At OECD biotechnology also reached the agenda of committees and subsidiary bodies, to such a point that in 1993 an Internal Co-ordination Group for Biotechnology was established to facilitate co-operation between the various programmes. So how do these various parts of the whole work?For science and technology policy, the main objective of the OECD’s Working Party on Biotechnology is to provide support to the policies of member countries, particularly in the areas of public health, sustainable industrial development and bio-resource centres, such as culture collections, databanks and bio-informatics. The Working Party is also undertaking a major project on biotechnology for sustainable development which will provide guidance to industry and government on implementing new bioprocess technologies.On the environment, a Working Group on Harmonisation of Regulatory Oversight in Biotechnology was established in 1993. Building on the earlier concepts of safety assessment, this group addressed in detail the safety assessment issues associated with a range of cultivated crop plants and micro-organisms, selecting first those plants or traits most commonly the object of transform-ation by modern biotechnology. The Working Group developed a standard pattern of activity, to produce over twenty ‘consensus documents’, on a standard model, and by a uniform procedure. A country with particular interest or experience volunteers to act as ‘lead country’ on a particular topic and the draft gradually develops through circulation and amendment. UN agencies – UNIDO and UNEP – participate, and when a document addresses a plant species whose wild relatives are indigenous to a particular region, experts in the countries concerned are consulted. Thus consensus documents are built through a science-based international dialogue, focusing on such matters as the biology of the organism and the -nature of the transformation.As to agriculture, the OECD Schemes for Seed Certification were developed to regulate international trade in seed. Their main purpose is to harmonise the assessment and certification of identity and -purity of cultivated crop varieties – including genetically modified ones. Another important agricult-ural project at OECD is a Co-operative Research Programme, which provides post-doctoral fellowships for young scientists to work in a foreign laboratory. It also organises scientific workshops covering a number of topics which include work on biotechno-logy (see article on dialogue, p. 31). Finally, as part of OECD’s work on trade, a synthesis of national submissions on intellectual property rights in biotechnology has been developed and the results of this work were published in February 1999.©OECD Observer No 216, March 1999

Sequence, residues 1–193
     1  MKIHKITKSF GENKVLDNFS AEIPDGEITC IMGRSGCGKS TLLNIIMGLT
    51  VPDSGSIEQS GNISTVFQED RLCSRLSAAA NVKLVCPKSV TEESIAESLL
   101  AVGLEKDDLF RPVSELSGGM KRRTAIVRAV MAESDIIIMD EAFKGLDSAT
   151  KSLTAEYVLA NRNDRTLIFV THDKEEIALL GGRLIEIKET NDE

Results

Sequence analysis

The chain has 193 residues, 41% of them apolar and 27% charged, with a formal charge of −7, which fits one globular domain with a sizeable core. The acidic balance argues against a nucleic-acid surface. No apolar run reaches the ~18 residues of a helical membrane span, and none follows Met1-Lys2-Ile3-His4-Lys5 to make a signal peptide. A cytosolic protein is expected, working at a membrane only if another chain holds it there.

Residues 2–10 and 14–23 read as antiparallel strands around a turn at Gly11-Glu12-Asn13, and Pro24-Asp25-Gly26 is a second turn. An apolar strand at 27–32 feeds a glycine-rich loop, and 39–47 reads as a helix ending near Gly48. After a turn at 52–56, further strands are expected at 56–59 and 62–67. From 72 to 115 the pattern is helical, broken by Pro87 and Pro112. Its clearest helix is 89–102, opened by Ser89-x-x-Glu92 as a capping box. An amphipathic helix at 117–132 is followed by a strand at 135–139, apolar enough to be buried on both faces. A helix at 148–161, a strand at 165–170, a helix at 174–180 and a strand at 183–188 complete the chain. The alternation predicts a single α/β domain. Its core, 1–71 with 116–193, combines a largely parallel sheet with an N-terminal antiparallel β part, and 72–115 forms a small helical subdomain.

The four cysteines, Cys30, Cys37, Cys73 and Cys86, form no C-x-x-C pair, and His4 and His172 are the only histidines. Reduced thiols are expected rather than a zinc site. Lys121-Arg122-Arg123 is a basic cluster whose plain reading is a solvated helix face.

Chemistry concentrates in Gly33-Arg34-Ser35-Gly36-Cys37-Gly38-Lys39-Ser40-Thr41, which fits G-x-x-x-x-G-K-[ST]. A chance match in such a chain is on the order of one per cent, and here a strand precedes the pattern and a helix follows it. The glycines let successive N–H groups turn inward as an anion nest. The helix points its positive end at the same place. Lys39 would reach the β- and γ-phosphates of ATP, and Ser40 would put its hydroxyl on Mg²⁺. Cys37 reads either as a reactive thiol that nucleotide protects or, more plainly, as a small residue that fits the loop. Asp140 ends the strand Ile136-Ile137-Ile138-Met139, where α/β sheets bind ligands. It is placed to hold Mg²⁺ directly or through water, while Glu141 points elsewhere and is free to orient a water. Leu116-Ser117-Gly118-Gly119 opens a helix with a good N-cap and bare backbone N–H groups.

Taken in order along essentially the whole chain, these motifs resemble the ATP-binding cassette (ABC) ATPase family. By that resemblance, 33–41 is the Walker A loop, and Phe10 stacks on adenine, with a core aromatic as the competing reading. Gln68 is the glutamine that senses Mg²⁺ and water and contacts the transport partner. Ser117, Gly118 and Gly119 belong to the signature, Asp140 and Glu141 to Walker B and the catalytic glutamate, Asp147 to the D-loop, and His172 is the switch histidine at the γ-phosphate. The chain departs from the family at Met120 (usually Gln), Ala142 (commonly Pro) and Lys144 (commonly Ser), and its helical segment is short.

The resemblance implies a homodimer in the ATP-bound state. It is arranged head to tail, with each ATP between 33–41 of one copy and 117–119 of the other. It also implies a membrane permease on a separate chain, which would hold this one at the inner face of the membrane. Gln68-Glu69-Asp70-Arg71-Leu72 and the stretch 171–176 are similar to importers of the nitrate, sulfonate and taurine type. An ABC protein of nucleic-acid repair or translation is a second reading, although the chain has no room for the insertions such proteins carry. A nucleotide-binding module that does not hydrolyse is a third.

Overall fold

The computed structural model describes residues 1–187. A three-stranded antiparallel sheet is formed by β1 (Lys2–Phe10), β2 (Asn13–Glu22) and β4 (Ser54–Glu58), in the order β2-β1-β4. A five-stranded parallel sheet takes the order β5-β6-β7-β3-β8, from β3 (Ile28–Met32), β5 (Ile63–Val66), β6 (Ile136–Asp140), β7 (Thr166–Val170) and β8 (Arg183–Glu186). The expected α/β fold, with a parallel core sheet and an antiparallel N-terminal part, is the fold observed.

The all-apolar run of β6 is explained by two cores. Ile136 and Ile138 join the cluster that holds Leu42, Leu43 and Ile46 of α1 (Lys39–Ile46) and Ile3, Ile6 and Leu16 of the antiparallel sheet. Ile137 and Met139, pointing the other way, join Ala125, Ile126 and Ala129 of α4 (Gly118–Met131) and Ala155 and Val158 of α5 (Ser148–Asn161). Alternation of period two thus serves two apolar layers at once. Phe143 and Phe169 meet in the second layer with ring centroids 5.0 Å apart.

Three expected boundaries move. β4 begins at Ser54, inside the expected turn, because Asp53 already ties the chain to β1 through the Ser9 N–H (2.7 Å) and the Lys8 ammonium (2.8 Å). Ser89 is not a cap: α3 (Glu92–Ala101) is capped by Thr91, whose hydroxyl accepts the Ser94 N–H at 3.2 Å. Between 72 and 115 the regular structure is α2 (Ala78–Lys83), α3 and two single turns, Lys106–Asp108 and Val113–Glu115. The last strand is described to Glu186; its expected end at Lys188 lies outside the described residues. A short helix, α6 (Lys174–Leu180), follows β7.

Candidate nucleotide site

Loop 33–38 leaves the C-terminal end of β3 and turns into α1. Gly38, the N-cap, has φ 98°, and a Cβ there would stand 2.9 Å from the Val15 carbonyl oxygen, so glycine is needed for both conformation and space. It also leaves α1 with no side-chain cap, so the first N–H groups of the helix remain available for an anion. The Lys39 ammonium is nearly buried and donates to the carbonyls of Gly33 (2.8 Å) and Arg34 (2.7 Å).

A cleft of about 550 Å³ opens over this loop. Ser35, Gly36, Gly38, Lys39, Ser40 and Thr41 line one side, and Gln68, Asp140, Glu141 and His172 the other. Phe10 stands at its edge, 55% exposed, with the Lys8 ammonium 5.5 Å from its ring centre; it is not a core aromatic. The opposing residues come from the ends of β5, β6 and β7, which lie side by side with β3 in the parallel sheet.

Economic data